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The Club now comes up with the following theory:

The Cascading Lawsuit Effect

By stripping judicial immunity, any official a complainant encounters throughout the normal judicial remedies is fair game. This is the beginning of what experts have termed the "Cascading Lawsuit" effect - a never-ending cycle of lawsuits unhappy litigants could trigger. Here's how:

If all judicial remedies are "exhausted," but the litigant isn't satisfied, he or she would have the power to call out each and every judge or official involved in that unsuccessful chain of judicial remedies - and haul each and every one of them in front of the grand jury in order to sue them personally. Should they get permission to sue any or all of those officials - but fail to win - they could haul every official involved in their suit against the first round of officials before the Special Grand Jury. And on, and on, and on.

Our current system works - it's clear and efficient. A complaint can go before a citizen board, a circuit court or be appealed to the State Supreme Court, and then it's done. ....

Our response:

Here, the Club has a complete misunderstanding of the J.A.I.L. process. They are suggesting that the Special Grand Jury may find "Judge A" culpable, in which a subsequent lawsuit may be brought against said "Judge A" in front of "Judge B." And should "Judge A" win in the trial before "Judge B," the losing plaintiff may "haul" "Judge A" and "Judge B" before the SGJ, and prepare the way for a subsequent trial of "Judges A and B" before "Judge C," and so on and so forth with "Judges D, E, and F."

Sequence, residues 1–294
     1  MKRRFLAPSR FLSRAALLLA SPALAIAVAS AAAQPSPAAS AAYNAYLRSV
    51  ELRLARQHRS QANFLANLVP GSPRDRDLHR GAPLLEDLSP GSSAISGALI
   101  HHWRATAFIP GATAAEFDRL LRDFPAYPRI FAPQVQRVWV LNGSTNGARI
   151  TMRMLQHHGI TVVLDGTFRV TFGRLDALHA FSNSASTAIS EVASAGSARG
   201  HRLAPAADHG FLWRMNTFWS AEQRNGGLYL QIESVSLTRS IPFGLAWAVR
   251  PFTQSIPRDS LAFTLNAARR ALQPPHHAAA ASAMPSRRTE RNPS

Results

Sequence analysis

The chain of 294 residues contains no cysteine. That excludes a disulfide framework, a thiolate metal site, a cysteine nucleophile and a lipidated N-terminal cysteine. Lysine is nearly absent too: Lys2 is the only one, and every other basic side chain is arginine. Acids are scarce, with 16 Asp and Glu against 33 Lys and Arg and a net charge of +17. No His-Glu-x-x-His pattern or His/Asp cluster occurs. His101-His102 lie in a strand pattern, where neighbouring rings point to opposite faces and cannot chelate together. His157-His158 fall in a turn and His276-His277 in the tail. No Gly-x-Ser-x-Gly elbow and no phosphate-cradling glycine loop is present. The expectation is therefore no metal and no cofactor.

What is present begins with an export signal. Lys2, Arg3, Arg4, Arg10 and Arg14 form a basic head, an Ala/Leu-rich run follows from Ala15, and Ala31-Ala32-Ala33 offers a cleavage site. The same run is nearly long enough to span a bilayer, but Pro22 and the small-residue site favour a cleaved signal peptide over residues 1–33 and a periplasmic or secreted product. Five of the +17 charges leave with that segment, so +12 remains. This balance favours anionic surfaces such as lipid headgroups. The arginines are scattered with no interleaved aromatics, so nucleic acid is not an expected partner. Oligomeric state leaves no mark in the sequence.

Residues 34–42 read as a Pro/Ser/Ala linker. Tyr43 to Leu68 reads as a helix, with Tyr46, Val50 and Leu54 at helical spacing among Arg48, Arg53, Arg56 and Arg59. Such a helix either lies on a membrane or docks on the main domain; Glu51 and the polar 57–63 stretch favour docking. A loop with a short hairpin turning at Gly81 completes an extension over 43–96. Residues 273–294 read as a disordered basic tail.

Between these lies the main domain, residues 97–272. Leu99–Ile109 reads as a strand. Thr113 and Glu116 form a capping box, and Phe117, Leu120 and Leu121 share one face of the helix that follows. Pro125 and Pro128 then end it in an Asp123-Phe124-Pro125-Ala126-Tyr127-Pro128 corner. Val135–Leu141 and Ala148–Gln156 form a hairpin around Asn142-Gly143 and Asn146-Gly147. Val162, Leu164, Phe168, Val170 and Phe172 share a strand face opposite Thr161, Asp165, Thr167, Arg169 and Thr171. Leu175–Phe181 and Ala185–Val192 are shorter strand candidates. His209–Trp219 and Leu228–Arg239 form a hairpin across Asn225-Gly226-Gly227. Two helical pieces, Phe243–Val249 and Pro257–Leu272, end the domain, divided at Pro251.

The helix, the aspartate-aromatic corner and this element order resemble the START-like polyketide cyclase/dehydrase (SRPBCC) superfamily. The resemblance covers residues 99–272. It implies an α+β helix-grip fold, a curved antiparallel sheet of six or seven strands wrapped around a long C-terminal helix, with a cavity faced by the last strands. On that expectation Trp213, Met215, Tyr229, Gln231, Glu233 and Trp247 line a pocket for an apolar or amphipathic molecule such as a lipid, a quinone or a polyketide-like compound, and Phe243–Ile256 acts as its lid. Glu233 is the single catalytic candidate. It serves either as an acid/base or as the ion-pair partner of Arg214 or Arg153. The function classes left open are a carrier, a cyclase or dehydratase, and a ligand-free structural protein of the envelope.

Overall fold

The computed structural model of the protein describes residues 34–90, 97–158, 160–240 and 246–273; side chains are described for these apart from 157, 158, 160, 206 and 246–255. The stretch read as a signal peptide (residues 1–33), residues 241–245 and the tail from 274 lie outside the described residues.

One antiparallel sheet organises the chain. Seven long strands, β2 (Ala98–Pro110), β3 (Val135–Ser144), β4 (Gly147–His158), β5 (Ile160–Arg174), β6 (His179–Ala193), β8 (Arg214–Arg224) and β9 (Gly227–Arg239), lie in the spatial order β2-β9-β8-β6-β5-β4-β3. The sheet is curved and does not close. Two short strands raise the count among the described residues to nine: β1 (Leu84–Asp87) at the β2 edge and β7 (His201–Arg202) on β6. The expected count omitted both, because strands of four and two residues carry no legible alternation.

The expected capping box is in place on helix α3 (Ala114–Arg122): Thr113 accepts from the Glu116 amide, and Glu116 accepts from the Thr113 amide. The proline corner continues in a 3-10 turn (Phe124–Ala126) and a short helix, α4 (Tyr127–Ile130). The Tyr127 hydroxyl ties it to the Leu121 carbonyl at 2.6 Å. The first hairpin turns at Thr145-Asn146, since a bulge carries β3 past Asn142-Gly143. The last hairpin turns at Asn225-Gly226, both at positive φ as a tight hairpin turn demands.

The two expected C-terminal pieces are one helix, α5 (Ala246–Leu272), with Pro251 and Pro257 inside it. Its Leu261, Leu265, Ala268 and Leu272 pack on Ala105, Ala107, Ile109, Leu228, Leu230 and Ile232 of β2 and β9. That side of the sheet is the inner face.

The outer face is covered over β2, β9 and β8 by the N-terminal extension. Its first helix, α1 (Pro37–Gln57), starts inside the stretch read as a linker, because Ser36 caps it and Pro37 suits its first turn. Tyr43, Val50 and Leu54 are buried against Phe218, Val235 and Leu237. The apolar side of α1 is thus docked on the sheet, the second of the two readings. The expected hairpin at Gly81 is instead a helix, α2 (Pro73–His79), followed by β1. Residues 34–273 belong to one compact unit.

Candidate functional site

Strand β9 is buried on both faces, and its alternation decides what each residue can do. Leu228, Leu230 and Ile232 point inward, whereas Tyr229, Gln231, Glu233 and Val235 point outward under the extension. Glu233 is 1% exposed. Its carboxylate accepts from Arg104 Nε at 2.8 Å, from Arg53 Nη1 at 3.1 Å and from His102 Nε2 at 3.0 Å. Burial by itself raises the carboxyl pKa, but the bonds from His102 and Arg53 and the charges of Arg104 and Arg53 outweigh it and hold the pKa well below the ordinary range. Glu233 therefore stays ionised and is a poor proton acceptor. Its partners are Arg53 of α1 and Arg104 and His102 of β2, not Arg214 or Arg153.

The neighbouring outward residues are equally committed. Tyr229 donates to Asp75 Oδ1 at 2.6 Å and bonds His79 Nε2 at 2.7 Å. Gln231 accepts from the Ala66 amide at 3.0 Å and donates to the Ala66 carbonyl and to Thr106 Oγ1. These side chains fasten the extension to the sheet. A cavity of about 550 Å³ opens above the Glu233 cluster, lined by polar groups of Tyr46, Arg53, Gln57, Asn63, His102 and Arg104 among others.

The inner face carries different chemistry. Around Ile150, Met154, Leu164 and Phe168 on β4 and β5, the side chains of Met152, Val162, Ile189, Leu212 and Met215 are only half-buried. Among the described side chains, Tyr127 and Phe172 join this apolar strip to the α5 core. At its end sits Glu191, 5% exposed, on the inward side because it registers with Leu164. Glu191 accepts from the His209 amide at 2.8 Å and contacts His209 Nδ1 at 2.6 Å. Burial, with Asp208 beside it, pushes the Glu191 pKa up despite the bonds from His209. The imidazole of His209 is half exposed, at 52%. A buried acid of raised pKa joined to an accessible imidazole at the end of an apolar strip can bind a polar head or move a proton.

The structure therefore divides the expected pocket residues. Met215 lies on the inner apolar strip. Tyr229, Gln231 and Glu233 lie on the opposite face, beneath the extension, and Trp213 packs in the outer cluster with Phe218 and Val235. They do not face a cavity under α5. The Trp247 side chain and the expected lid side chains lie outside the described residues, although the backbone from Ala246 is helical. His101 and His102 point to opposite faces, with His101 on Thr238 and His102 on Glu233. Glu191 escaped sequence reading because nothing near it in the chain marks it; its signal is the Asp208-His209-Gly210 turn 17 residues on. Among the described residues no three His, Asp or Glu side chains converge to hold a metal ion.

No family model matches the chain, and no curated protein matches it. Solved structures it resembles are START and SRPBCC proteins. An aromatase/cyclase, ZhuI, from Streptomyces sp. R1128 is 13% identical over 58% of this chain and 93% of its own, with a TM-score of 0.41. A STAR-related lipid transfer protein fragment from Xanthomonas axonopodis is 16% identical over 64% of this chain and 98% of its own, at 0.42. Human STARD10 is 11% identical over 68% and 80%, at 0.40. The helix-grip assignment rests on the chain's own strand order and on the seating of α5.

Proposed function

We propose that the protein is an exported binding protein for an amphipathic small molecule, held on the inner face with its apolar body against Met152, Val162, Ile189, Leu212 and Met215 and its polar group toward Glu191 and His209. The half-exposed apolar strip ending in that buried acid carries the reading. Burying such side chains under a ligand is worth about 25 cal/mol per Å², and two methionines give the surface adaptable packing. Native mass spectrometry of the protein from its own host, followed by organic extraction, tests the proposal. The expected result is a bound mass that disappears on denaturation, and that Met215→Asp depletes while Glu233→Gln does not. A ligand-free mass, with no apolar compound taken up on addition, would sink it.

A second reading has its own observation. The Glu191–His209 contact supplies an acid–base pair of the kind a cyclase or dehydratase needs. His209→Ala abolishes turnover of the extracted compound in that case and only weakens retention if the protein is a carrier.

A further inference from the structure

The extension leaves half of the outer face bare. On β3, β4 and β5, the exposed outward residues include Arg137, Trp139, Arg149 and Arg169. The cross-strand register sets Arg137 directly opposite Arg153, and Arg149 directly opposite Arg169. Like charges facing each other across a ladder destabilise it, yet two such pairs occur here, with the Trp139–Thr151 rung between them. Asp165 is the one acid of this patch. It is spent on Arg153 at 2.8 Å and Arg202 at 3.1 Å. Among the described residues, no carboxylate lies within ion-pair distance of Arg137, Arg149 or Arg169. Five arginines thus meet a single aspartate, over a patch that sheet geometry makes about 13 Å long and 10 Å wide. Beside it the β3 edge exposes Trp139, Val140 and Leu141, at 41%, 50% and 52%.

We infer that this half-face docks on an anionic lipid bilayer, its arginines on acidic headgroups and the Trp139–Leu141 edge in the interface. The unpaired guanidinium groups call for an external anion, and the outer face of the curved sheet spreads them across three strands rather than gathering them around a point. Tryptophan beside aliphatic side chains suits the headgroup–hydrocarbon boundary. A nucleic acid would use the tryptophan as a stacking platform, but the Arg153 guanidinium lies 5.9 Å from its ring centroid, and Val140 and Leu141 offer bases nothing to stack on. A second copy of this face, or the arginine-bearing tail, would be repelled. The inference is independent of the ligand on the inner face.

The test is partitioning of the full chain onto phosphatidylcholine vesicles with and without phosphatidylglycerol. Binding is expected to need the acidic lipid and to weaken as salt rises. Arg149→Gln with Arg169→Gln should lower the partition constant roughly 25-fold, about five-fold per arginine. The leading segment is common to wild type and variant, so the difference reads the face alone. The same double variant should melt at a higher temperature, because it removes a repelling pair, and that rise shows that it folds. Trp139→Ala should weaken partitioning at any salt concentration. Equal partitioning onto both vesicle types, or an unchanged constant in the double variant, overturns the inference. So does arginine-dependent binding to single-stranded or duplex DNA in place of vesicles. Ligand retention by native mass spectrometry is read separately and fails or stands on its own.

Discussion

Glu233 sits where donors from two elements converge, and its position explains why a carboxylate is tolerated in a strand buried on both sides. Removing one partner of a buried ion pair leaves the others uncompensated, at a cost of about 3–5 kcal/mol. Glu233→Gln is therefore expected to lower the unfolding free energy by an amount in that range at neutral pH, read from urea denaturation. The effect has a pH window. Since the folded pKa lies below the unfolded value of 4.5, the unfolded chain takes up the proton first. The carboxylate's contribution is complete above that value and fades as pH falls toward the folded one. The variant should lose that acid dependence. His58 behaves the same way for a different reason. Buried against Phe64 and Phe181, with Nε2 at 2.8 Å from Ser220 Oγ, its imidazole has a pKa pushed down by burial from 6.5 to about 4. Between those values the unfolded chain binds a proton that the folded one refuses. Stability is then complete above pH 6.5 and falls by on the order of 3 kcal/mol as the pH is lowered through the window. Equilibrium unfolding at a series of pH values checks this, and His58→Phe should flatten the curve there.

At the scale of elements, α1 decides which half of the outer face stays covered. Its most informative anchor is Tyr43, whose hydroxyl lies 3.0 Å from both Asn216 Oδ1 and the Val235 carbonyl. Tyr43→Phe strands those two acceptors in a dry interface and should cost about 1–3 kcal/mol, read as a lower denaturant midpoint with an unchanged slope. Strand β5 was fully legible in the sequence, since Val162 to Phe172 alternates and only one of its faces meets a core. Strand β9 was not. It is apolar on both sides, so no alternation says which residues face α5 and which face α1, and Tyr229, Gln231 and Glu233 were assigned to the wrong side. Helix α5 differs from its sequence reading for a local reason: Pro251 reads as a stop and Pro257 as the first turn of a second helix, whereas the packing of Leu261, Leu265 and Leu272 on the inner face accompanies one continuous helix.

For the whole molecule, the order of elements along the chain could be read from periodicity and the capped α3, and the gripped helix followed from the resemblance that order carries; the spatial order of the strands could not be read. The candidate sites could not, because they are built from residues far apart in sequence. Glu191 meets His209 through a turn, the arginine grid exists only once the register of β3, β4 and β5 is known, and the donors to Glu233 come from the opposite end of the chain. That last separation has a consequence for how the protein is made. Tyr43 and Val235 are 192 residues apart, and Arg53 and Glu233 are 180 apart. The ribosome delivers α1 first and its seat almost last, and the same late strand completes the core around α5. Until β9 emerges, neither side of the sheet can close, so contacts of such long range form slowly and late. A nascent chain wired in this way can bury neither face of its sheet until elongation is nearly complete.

What's wrong with this picture?? First of all, the issue in front of "Judge B" is not whether the plaintiff wins or loses, but rather whether "Judge B" allegedly willfully committed any of the specified violations in paragraph 2 of Amendment E. A judge before whom a losing plaintiff appeared is not, ipso facto [by the fact itself], liable for an investigation by the SGJ. A plaintiff can lose honestly, according to law. In such a case, J.A.I.L. would not apply to the judge ("Judge B") conducting that trial, since he did not willfully violate any of the procedural laws specified in the Amendment.

On the other hand, if "Judge B" is alleged to have willfully violated procedural law(s), and the losing plaintiff exhausted all appeals, then only "Judge B" would be subject to a complaint to the SGJ. "Judge A" would not be involved in this "round" involving "Judge B" as is suggested above by the Club.

Matters brought before the SGJ do not depend on whether a litigant is "satisfied" or "dissatisfied" with the results of his case. The only issue is whether the judge  (1) violated the law, and (2) knew he was violating the law.



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